Janet and her repetitive wrist strain

Janet, a 48-year old admin worker, had worked most of her life for the same company. Throughout this she rarely had time off and never suffered what her friends would call work strains. Janet first started experiencing a mild ache in her wrist towards the end of the day which gradually became intense pain that would stop her from typing for several minutes. Janet tried getting on top of it herself by massaging her wrist and using deep heat but eventually went to see her GP. Janet was diagnosed as having RSI (repetitive strain injury) and told to rest and take anti-inflammatories. She was given a sick note for 4 weeks and advised that she shouldn’t return to work until her wrist was better.

After 2 weeks Janet’s wrist had improved slightly so she tried to get back to work. The occupational health nurse told her that she couldn’t come back until she was 100% better for insurance purposes as she had been signed off by her GP. When the month was up Janet was not much better and was signed off for another 2 weeks. This soon came around and her wrist was just as painful if not more so and the GP signed her off again.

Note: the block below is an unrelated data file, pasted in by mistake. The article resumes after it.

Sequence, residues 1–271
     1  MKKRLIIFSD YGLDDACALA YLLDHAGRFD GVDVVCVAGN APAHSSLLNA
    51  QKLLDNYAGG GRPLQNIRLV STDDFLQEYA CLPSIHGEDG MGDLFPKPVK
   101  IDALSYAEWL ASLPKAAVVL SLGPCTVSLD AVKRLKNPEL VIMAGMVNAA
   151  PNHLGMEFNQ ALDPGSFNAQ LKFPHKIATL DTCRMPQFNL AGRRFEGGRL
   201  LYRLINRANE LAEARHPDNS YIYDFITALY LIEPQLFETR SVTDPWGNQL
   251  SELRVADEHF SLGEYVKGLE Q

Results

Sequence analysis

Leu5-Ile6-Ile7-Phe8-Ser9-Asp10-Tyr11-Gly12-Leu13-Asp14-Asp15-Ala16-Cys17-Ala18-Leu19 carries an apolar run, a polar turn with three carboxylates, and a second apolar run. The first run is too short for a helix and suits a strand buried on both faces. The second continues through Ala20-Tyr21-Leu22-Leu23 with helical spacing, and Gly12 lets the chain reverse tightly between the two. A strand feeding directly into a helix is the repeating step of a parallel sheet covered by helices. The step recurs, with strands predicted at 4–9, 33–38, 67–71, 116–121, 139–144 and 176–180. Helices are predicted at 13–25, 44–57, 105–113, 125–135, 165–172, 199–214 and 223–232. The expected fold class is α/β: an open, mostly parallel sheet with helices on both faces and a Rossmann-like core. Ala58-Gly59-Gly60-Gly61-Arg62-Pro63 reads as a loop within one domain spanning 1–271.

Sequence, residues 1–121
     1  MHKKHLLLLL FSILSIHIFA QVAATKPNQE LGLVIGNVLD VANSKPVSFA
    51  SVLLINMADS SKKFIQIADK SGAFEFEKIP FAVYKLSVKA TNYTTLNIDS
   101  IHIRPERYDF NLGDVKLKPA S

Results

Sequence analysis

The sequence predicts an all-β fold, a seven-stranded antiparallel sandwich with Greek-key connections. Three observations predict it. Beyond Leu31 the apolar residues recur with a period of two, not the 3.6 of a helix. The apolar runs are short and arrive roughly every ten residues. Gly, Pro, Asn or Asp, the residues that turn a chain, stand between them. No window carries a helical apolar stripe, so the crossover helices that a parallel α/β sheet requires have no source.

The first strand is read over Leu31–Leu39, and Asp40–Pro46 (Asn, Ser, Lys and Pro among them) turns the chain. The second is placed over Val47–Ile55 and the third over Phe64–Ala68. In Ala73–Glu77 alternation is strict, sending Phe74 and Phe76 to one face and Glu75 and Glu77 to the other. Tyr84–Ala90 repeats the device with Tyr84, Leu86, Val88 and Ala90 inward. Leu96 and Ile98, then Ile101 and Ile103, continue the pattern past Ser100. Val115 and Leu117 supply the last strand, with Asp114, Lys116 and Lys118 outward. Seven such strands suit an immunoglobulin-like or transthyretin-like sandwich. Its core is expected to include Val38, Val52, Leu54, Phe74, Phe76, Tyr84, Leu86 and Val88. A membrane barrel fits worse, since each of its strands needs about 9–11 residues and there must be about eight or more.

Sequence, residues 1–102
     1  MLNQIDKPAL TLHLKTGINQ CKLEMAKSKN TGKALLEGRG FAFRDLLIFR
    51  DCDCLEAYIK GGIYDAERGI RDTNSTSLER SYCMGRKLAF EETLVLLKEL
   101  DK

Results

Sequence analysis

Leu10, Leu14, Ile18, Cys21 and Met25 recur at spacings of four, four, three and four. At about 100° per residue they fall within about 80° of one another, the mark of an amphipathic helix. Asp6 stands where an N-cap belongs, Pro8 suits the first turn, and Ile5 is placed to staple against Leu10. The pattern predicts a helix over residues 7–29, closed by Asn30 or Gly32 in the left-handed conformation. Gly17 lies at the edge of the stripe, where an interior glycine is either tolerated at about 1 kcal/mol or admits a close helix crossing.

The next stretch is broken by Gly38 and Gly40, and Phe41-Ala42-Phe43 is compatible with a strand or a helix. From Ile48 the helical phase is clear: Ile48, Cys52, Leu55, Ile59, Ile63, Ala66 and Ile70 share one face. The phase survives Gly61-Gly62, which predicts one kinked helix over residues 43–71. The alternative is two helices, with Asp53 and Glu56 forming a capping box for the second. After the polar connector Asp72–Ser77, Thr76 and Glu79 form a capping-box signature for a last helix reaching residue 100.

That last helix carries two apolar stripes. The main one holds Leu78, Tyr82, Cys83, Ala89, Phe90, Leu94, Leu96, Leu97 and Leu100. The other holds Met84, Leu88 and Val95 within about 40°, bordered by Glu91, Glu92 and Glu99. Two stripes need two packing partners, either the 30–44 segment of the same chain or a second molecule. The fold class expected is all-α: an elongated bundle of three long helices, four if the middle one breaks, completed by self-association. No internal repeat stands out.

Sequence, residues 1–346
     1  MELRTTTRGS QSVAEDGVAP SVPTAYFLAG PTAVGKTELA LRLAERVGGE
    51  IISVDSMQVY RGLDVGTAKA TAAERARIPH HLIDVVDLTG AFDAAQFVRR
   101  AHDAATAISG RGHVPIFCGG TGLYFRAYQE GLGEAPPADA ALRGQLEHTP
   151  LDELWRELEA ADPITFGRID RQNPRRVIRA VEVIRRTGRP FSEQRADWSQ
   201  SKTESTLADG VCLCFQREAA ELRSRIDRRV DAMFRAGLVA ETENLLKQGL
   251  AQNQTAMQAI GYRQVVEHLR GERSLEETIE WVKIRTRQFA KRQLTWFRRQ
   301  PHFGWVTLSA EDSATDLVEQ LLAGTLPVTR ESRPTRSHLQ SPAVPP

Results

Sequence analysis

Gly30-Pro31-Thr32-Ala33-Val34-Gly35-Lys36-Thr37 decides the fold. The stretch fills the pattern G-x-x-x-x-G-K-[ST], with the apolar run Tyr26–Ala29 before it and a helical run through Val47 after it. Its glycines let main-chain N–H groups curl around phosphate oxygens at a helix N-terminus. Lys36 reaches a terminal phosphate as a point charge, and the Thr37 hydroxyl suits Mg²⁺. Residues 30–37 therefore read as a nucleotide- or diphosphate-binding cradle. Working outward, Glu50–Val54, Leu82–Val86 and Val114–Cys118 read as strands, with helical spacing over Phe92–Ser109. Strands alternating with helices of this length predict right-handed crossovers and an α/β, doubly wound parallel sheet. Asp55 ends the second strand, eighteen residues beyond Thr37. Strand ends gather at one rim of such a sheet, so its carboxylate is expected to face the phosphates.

Eventually 3 months had passed and Janet’s wrist was much more painful than in the first months and she was struggling to hold everyday objects. Her GP sent her for an x-ray but nothing abnormal was found. Work began to scare her by talking about long-term sick leave and the possibility of redundancy. At this point a colleague suggested she seek a second opinion from an osteopath as it had helped her in the past.

On her first consultation it was obvious that Janet had a chronically inflamed wrist but several factors were working against her to prevent it healing naturally. Her frustration at being stuck at home and the fear of losing her job were both magnifying the pain she felt as well as reducing her immune system’s ability to fight the inflammation. After several sessions to help improve joint mobility and encourage the inflammation to die down, Janet’s employers were contacted and an agreement was reached for her to return to work as soon as possible but only for an hour or two a day. This helped her to regain a sense of normality and allowed her to begin to use her wrist again, albeit in small doses. After a few weeks Janet and her employers could see that she was able to do more than first feared and, although her wrist took 6 more months to completely heal, she was back to full working hours within a month.

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